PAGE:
The hottest food trends posted for 2015 prove that our taste preferences are rapidly changing. It’s time to pair wine more intelligently with your evolving new diet.
Go beyond “white wine with white meat and red wine with red meat”
Fortunately, new trends in cuisine give you the opportunity to try different wines that you may not normally select. For example, if you’re loving Southeast Asian cuisine, including dishes like Pad Thai and Vietnamese Shrimp Fresh Rolls, then you’ll love how an off-dry German Riesling makes the dish really pop. Instead of going for the usual red, check out these awesome pairing tips.
6 Trends in Food Call For Off-The-Wall Wine Pairings
Upscale Comfort Food
An Unexpected Wine Pairing with Comfort Food
Cabernet Franc & Carménère: Both of these wines have a distinct bell pepper or green peppercorn flavor that is caused by an aroma compound group called pyrazines. These herbaceous flavors will match surprisingly well with the common use of cream and bitter greens in Southern cuisine. Despite their ‘green notes’ when matched with classic Southern dishes such as creamed spinach, corn grits and collard greens, Cabernet Franc and Carménère taste incredibly fruity. These wines are lighter and brighter (ie., more acidic) than Cabernet Sauvignon and will lighten up the richness of classic Southern food.
Add Spice With Sparkling Rosé and Vietnamese Pho
Crémant d’Alsace or Another Sparkling Rosé: The use of exotic spices like star anise and richly sweet hoisin sauce make a sparkling Rosé a great choice for Vietnamese fare. The ginger-like kick of sparkling wine adds an additional flavor component to Southeast Asian foods and you’ll find Rosé wines tend to pair better with a wider variety of meats (or tofu). A Rosé Crémant d’Alsace from northeastern France is a great choice in the realm of bubbly Rosé due to its subtle flavors of orange rind; it will make your shrimp fresh rolls taste like heaven.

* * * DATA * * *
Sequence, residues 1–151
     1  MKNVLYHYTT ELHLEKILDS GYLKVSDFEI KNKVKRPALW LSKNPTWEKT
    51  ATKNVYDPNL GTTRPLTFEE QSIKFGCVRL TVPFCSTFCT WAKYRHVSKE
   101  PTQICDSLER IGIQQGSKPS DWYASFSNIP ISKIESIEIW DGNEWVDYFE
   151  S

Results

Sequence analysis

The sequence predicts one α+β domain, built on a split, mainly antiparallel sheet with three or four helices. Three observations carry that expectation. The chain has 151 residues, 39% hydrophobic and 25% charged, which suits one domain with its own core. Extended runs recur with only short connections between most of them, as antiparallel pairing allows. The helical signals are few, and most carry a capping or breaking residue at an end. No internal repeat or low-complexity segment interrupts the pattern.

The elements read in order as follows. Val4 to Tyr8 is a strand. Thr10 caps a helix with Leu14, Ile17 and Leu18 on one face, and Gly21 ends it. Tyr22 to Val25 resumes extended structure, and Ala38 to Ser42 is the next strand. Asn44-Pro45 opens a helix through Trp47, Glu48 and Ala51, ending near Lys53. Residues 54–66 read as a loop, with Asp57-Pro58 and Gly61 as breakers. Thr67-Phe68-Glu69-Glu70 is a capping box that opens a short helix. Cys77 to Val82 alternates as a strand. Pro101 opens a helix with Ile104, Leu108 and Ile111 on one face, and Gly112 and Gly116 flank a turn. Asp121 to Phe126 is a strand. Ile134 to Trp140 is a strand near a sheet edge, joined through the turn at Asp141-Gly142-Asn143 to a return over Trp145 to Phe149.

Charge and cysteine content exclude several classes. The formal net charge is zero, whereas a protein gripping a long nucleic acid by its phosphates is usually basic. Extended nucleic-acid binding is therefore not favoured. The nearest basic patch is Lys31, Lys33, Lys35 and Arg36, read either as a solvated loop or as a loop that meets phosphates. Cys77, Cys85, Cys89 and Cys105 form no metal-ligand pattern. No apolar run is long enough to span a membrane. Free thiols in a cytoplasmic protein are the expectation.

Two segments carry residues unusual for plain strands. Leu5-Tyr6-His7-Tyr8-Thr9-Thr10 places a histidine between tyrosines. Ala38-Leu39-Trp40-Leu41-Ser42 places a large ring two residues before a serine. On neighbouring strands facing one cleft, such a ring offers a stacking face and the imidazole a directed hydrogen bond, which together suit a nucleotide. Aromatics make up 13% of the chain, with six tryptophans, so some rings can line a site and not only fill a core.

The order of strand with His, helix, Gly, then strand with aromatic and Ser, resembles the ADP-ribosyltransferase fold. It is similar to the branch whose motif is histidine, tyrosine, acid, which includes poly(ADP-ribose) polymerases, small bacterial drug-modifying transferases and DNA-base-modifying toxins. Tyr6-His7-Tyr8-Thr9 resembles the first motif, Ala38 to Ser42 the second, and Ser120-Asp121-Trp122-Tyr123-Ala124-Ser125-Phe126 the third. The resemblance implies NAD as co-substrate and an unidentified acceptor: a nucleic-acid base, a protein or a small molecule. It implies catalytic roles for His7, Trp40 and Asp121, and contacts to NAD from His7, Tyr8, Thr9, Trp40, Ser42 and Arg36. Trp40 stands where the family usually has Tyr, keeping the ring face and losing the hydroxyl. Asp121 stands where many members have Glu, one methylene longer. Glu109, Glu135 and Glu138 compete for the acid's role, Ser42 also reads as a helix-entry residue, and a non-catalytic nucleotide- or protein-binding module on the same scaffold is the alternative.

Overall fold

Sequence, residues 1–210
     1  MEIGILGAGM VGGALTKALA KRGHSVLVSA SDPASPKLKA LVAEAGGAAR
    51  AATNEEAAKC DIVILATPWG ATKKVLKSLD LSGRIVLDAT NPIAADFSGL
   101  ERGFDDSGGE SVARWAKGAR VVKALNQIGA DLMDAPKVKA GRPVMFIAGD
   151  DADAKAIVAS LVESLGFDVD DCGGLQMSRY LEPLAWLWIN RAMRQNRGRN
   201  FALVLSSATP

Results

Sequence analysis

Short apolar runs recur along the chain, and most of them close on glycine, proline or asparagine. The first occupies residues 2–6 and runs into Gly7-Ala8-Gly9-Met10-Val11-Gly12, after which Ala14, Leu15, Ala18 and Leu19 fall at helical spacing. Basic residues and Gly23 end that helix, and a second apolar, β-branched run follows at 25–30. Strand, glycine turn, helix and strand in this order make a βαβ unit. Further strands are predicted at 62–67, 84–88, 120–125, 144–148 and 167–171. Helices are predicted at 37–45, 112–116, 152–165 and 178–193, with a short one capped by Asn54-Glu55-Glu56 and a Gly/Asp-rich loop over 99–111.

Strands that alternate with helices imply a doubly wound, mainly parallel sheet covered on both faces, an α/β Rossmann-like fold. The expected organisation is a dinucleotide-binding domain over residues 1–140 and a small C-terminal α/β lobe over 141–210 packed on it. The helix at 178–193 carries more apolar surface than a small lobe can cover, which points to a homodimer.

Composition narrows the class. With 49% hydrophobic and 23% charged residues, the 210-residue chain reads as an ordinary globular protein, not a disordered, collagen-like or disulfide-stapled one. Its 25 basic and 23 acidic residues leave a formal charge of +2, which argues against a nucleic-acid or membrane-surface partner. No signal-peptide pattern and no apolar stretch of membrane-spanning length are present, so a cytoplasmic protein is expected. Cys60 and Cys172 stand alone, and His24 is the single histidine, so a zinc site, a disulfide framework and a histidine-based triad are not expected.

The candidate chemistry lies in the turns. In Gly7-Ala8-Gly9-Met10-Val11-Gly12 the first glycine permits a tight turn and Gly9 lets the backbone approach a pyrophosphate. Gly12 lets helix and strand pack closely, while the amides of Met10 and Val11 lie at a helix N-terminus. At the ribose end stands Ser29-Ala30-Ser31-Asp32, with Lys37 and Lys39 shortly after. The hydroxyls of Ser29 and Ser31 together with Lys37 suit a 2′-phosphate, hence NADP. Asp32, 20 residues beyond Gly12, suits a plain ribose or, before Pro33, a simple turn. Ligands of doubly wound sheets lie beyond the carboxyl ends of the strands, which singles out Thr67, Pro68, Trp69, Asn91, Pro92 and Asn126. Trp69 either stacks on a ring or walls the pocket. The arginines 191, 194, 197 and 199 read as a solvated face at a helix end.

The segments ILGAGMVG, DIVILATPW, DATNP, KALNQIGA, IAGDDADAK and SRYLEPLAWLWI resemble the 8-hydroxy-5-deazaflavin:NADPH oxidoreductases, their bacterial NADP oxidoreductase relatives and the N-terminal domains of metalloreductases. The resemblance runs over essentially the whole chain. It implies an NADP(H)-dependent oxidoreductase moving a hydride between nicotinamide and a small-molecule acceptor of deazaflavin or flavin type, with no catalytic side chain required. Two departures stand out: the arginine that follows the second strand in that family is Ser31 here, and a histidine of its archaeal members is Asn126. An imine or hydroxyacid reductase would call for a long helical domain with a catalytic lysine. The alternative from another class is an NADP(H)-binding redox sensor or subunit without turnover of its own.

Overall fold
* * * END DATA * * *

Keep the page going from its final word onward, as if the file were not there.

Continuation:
Midweek Vegetarian Dining
Vegetarian Wine Pairing Wins with Dry Rosé
Dry Rosé: With its nuanced flavors of strawberry, honeydew melon and celery, this is a great counterpoint to the subtle flavors in vegetarian food. Since it’s served cold, you’ll find that it acts like a refresher course and it won’t taste ‘off’ when matched with a sweet-sour teriyaki-style sauce.
Nuts Instead of Bread (Gluten-Free Starter)
Trust Me: Dry Sherry and Roasted Nuts:
Dry Sherry & Sercial Madeira: These wines might not be your usual main pick as an aperitif for dinner. However, if you start imagining them more like a fine whiskey, you’ll start to realize that Sherry and Madeira are amazing cocktail alternatives. These two wines pair up perfectly with roasted nuts and salty olives.
Perfect Fried Chicken
Perfect Fried Chicken Wine Pairing:
Brut Cava: Fried food and bone-dry sparkling wine is a match made in heaven. We chose Cava because it’s so affordable that you might find it to be an analog to an ice cold beer. It certainly has the same appeal, and a measure of a degree more classy.
Food Truck Fish Tacos for Dinner
Fish tacos used to be only be a lunchtime affair, but now you can find hip food trucks that are open late, so wine is definitely an option! Authentic fish tacos have big flaky pieces of lightly fried, delicately flavored white fish served on tiny corn tortillas with queso fresco, cabbage, onion, lime and cilantro sprinkled on top.
The Perfect Fish Taco Wine Pairing:
Sauvignon Blanc, Verdejo or Grüner Veltliner: All three of these wines have green herbaceous notes to them which sometimes even taste of jalapeño. Because of their grassy, gooseberry and jalapeño flavors, they are best friends with any fish or chicken taco. Keep your eyes peeled for a Spanish Verdejo or Sauvignon Blanc if you’re looking for a wine to match to the theme.
Pair Wine with Food Everyday
Get the advanced food & wine pairing chart to make smart wine and food pairings.